However, questions about his health and durability and his desire for a 7-year contract have made the Mariners circumspect. Zduriencik has said he doubts Seattle will figure into the Hamilton sweepstakes.

That leaves such players as Yankees outfielder/first baseman Nick Swisher, Rangers catcher/first baseman Mike Napoli and outfielder Michael Bourn as possibilities.

Swisher wants a long-term contract paying more than $100 million, and the Mariners have already met with Napoli, who is seeking a four-year contract. After those players, there is a significant dropoff in talent.

Zduriencik’s last major free agent signing – Chone Figgins – was a disaster that the team will continue to pay for in 2013. . Figgins was released a few days ago, but the Mariners owe him $8 million in 2013, the remainder of his four-year, $36 million contract.

Has the experience made Zduriencik hesitant about going after a free agent again?

“I’m not going to be gun shy because of what happened with Chone Figgins,” he said. “It’s just one of those things that happened. I think you can go through every team in baseball that has faced a free-agent signing or a trade that hasn’t worked out. You can’t back away from doing what you think is the right thing. It made a lot of sense at the time.”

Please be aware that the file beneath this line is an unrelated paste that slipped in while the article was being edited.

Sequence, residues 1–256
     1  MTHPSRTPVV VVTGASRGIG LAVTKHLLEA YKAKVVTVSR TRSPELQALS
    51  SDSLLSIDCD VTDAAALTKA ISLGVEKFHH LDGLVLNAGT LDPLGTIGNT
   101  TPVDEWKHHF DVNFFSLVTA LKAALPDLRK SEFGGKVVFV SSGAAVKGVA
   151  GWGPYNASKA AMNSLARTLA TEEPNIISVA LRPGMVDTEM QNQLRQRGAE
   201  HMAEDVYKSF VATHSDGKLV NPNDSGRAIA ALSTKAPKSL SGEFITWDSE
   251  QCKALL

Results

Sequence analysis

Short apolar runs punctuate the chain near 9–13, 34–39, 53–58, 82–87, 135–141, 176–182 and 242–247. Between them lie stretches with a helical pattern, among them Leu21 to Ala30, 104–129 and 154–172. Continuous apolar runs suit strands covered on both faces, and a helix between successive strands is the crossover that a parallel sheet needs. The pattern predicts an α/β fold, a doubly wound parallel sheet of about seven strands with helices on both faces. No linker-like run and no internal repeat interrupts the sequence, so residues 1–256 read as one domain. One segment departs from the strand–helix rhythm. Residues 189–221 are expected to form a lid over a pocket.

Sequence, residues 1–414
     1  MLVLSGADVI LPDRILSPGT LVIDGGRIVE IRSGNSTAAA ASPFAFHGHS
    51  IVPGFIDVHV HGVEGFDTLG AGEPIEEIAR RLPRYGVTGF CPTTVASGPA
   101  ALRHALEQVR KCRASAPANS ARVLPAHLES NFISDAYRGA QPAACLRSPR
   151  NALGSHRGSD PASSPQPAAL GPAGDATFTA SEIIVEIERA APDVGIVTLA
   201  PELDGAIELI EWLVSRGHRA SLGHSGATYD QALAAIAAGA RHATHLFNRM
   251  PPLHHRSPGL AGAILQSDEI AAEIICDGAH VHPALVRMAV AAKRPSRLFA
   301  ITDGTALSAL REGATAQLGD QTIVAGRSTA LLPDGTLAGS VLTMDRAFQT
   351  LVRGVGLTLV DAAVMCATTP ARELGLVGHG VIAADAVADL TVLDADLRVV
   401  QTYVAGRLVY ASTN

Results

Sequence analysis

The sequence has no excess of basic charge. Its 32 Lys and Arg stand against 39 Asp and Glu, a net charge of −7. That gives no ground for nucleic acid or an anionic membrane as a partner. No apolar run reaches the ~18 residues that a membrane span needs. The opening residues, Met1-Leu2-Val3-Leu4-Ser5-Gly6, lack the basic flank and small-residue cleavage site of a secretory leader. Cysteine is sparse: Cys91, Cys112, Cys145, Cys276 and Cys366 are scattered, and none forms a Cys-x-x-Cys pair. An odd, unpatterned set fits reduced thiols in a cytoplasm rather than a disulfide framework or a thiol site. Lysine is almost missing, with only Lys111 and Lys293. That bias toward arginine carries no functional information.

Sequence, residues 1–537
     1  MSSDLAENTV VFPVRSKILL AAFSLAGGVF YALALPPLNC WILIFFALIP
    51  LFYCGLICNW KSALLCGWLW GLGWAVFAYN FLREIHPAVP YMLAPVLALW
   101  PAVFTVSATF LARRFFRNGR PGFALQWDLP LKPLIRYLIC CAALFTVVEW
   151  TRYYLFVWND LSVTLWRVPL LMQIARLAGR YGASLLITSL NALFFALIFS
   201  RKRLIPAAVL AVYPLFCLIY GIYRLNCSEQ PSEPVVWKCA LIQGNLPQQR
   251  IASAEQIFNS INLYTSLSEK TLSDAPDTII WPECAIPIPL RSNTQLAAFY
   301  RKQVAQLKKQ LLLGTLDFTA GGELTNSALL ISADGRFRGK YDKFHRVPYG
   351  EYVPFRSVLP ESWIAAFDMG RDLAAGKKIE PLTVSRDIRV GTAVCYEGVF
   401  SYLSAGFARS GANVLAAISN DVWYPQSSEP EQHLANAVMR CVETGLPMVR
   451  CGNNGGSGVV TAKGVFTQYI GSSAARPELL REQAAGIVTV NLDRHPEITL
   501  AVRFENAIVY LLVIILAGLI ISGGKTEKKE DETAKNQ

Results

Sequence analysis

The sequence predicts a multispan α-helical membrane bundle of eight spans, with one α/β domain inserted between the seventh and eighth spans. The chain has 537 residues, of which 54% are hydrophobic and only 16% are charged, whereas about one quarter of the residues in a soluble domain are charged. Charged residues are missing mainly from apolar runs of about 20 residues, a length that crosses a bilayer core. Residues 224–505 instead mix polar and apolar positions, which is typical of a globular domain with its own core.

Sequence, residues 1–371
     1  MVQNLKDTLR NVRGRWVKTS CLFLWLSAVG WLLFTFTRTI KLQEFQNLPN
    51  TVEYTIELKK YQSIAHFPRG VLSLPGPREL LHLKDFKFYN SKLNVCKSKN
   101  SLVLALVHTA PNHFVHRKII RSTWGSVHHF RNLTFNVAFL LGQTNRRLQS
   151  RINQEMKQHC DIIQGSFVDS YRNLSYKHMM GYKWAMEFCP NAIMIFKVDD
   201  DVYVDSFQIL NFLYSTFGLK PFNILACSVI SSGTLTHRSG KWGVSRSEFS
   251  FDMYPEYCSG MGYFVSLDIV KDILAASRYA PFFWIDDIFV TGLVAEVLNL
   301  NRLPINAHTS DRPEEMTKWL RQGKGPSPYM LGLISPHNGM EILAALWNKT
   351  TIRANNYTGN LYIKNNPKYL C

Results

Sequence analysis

With a weak free agent class, a trade for a hitter is a possibility. Rumors have swirled that the Mariners are interested in Royals designated hitter Billy Butler and Diamondbacks outfielder Justin Upton.

To make that sort of move, the Mariners would probably have to give up at least one of their three prized pitching prospects – Danny Hultzen, James Paxton or Taijuan Walker – along with a position player or two. But that might be a necessary consequence to obtain a key hitter.

Besides improving the offense, Zduriencik is looking to increase depth of starting pitching. The 2013 starting rotation projects to include Felix Hernandez, Jason Vargas and Hisashi Iwakuma. Erasmo Ramirez, Blake Beavan, Hector Noesi, Hultzen, Paxton and others will vie for the other spots.

“Everyone in baseball wants to add pitching,” Zduriencik said. “We have had some talks with free agent pitchers, and talks with some pitchers coming here via trade. If we could do something, we are certainly open to it.”

Zduriencik can’t afford to disregard any enticing possibility. His future with the organization depends on it.

“I think we have enough dialogues going that we can do some things,” he said. “I’m going to be open and if the right situation is there and we think it’s the right situation to make a deal, whether it’s a two- or three-year deal, or depending on who the player is, I don’t think we’re going to shy away from it. We’re trying to do something that makes sense for this club.”

Ryan Divish: 253-597-8483 ryan.divish@thenewstribune.com blog.thenewstribune.com/mariners @RyanDivish